# Efficiently Sampling a Conditioned Distribution

In this lesson we will learn how to implement the conditioned distribution from the previous lesson without using rejection sampling; we want to avoid the possibly-long-running loop.

We'll cover the following

In the previous lesson, we concluded that the predicates and projections used by Where and Select on discrete distributions be pure functions:

1. They must complete normally, produce no side effects, consume no external state, and never change their behavior.
2. They must produce the same result when called with the same argument, every time.

If we make these restrictions then we can get some big performance wins out of Where and Select. Let’s see how.

## Dealing With the “Long-Running Loop”

The biggest problem we face is that possibly-long-running loop in the Where. We are “rejection sampling” the distribution, and we know that can take a long time. Is there a way to directly produce a new distribution that can be efficiently sampled?

Of course, there is. Let’s make a helper method:

public static IDiscreteDistribution<T> ToWeighted<T>(this IEnumerable<T> items, IEnumerable<int> weights)
{
var list = items.ToList();
return WeightedInteger.Distribution(weights).Select(i => list[i]);
}


There’s an additional helper method that we are going to need in a couple of lessons, so let’s just make it now:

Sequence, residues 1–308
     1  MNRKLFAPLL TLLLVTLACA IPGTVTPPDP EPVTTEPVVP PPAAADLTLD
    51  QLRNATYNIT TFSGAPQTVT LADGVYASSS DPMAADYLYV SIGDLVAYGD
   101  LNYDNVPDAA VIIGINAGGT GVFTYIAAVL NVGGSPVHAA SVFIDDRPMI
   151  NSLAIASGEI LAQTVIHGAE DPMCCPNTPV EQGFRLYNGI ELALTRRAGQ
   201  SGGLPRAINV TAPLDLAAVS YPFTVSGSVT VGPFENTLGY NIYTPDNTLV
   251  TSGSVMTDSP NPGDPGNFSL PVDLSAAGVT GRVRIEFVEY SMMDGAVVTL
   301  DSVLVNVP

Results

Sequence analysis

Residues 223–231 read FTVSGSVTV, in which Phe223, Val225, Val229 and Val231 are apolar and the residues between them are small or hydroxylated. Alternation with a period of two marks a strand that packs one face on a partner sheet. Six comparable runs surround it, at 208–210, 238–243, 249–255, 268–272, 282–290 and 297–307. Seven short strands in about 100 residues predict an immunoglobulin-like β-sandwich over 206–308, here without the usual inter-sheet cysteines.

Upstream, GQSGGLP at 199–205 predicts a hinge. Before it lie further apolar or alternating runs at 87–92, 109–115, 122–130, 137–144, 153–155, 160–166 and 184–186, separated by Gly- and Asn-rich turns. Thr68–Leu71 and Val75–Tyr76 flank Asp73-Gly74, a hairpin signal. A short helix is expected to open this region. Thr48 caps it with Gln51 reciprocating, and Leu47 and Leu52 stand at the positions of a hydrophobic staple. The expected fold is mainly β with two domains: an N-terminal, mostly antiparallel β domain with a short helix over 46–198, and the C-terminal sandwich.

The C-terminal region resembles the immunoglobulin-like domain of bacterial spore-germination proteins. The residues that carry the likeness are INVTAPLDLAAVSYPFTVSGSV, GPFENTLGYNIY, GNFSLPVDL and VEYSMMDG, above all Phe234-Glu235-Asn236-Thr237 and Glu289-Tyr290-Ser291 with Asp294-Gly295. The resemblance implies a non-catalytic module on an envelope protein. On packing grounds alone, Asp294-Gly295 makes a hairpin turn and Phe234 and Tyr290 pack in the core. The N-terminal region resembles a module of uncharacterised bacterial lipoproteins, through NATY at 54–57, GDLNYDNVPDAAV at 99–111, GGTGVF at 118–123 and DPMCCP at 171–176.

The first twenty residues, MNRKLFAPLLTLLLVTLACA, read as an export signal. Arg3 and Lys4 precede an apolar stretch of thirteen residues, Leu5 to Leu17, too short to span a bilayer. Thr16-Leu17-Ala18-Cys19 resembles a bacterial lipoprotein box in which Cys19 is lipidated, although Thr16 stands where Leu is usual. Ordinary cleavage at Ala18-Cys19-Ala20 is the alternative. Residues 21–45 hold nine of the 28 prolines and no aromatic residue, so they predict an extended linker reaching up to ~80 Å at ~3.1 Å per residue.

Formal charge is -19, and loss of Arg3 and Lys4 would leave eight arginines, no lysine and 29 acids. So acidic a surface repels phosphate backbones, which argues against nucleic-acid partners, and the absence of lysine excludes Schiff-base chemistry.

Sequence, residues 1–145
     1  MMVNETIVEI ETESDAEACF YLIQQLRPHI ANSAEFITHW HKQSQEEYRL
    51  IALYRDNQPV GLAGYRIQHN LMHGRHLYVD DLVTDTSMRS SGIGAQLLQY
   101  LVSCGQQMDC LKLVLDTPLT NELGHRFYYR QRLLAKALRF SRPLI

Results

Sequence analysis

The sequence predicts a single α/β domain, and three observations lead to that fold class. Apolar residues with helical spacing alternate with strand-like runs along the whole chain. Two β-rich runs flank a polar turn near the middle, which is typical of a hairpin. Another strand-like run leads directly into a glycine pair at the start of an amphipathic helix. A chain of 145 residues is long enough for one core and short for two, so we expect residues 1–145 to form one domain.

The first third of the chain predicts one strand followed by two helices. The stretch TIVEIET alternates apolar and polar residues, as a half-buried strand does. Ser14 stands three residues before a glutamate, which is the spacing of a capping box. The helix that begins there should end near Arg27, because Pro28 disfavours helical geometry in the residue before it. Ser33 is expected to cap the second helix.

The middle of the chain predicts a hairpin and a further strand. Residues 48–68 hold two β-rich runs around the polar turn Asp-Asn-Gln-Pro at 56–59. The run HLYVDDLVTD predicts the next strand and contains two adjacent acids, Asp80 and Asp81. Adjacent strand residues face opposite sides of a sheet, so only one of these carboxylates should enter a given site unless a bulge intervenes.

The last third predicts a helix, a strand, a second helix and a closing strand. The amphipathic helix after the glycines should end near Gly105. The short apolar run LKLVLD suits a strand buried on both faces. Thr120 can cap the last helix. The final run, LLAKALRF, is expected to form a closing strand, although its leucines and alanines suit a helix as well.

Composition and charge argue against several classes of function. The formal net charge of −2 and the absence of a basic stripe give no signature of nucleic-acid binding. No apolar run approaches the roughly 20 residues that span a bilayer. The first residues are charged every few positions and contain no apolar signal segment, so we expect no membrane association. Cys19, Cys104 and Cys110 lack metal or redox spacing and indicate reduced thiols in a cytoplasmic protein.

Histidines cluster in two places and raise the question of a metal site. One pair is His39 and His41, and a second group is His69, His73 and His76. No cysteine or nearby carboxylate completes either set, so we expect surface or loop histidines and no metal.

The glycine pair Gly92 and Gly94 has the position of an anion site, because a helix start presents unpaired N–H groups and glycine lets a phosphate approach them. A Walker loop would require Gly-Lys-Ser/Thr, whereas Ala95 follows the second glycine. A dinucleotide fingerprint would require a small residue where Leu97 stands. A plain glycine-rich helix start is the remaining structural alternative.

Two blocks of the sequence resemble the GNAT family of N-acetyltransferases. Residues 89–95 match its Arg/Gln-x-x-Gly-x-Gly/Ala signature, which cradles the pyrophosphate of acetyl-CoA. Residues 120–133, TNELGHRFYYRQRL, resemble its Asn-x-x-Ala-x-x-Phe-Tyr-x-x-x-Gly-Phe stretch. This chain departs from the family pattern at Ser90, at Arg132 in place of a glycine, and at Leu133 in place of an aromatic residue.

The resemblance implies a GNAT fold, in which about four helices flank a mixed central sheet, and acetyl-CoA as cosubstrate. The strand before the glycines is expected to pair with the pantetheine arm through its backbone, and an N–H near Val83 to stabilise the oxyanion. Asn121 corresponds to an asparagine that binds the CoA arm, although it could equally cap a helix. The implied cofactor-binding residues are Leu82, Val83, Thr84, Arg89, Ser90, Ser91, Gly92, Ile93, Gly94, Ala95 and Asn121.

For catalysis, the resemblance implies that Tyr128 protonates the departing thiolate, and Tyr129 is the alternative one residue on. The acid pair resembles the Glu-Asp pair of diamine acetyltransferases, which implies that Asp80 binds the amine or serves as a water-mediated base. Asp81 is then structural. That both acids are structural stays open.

public static IDiscreteDistribution<T> ToWeighted<T>(this IEnumerable<T> items,
params int[] weights) => items.ToWeighted((IEnumerable<int>)weights);


And now we can delete our Conditioned class altogether, and replace it with:

public static IDiscreteDistribution<T> Where<T>(this IDiscreteDistribution<T> d, Func<T, bool> predicate)
{
var s = d.Support().Where(predicate).ToList();
return s.ToWeighted(s.Select(t => d.Weight(t)));
}


Recall that the WeightedInteger factory will throw an exception if the support is empty, and return a Singleton or Bernoulli if its size one or two.

Exercise: We’re doing probabilistic workflows here; it seems strange that we are either 100% rejecting or 100% accepting in Where. Can you write an optimized implementation of this method?

public static IDiscreteDistribution<T> Where<T>
(this IDiscreteDistribution<T> d, Func<T, IDiscreteDistribution<bool>> predicate)


That is, we accept each T with a probability distribution given by a probabilistic predicate.

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